To qualify for an MMIC in Stanislaus County, the patient must provide the following:

  • Written documentation from the licensed physician certifying that the use of medical marijuana is required
  • Proof of residency. A valid state motor vehicle registration, current rent or mortgage receipt, or utility bill in the patient's name bearing the current address in the county is acceptable.
  • A government-issued photo identification, such as a current and valid state driver's license or ID card issued by the DMV bearing the patient's name and current address
  • Proof of Medi-Cal eligibility, if applicable. The proof must be submitted in person at the time of appointment.

The eligibility requirement for caregivers to obtain MMICs include that they:

  • Be at least 18 years old.
  • Have a responsibility for the health, housing, or safety of the patient
  • Accompany the patient at the time of application.

An MMIC applicant must schedule an appointment with the Public Health Department by calling (209) 558-7191 to complete an application. The Department does not accept walk-in clients. The Department also requires applicants to complete their applications prior to appointments. You may download application documents from the county health department website.

Note that the applicant will be required to pay a non-refundable processing fee. The fee must be made payable to the Stanislaus County Public Health Department for each MMIC issued. The county gives a 50% discount for Medi-Cal beneficiaries and their caregivers. Payments can be made using money orders, cash, debit cards, Visa, and MasterCard only. Call the Department for the current price for the processing fee before scheduling an application appointment.

How Has Cannabis Legalization Impacted the Economy of Stanislaus County?

The economy of Stanislaus County has been positively impacted since the legalization of cannabis in California. Following the approval of adult-use marijuana in early 2018, the county recorded per capita sales of $95.04 across the second, third, and fourth quarters of that year. A total taxable sale of $52,308,124 also accrued to the county government in the same period.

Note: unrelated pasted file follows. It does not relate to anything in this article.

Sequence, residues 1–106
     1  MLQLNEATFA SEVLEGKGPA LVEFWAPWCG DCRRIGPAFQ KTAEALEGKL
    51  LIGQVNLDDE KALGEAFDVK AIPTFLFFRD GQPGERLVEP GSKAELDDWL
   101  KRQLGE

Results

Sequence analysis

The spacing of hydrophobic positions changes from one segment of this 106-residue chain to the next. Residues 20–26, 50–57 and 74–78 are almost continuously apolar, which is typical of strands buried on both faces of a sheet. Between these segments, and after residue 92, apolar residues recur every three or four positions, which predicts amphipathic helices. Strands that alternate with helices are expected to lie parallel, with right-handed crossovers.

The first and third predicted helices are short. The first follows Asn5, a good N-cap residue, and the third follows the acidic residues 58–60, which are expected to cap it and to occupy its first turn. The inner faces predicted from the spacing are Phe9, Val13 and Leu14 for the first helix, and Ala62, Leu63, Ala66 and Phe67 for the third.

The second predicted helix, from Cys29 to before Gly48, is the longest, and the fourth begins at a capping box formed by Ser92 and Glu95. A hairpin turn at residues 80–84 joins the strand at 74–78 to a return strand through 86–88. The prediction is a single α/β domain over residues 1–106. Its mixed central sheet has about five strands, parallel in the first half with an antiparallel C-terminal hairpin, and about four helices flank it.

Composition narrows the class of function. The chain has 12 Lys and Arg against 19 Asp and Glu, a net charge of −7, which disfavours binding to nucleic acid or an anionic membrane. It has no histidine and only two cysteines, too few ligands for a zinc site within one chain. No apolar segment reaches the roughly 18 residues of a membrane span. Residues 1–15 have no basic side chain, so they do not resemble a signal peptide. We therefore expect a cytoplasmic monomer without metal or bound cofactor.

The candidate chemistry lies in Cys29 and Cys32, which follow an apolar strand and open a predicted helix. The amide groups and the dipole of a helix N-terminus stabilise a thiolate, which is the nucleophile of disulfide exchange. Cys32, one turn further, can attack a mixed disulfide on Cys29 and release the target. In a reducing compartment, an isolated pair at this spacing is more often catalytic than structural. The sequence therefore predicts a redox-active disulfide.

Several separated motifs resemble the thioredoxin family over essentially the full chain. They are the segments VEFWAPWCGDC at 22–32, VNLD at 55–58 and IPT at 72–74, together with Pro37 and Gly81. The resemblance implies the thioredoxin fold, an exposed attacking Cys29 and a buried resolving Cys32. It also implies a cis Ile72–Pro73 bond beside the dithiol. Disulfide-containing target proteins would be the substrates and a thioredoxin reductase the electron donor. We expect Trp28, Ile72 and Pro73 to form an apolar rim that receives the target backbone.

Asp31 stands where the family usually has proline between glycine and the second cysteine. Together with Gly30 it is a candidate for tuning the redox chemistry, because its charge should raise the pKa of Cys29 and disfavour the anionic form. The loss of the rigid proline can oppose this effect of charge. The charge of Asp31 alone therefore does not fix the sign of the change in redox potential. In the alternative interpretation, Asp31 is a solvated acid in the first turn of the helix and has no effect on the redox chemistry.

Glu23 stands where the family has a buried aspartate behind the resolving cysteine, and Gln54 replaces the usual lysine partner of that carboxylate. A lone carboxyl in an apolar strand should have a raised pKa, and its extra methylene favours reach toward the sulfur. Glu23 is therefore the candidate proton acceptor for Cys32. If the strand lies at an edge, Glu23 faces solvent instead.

Sales significantly increased in the following years, with Stanislaus County recording a total of $161.99 in per capita sales and $89,613,479 in total taxable sales in 2019. In 2020, the county recorded $273.08 in per capita sales and $151,549,631 in total taxable sales. Between the first and third quarter of 2021, Stanislaus County recorded $229.54 in per capita sales and $127,623,212 in total taxable sales.

The Effects of Cannabis Legalization on Crime Rates in Stanislaus County

According to FBI crime data generated from incident reports from the Stanislaus County Sheriff's Department, the county recorded 12 DUI arrests, 4 marijuana possession arrests, and 7 arrests for marijuana sale offenses in 2018. In 2019, there were 13 DUI arrests, 20 arrests for wrongful marijuana possession, and 2 arrests for marijuana sales. In 2020, Stanislaus County recorded 6 DUI arrests, 46 arrests for marijuana possession offenses, and 7 arrests for marijuana sales. Hence, the legalization of cannabis cannot be said to have positively reduced crime rates in Stanislaus County.

Stanislaus County Cannabis Overview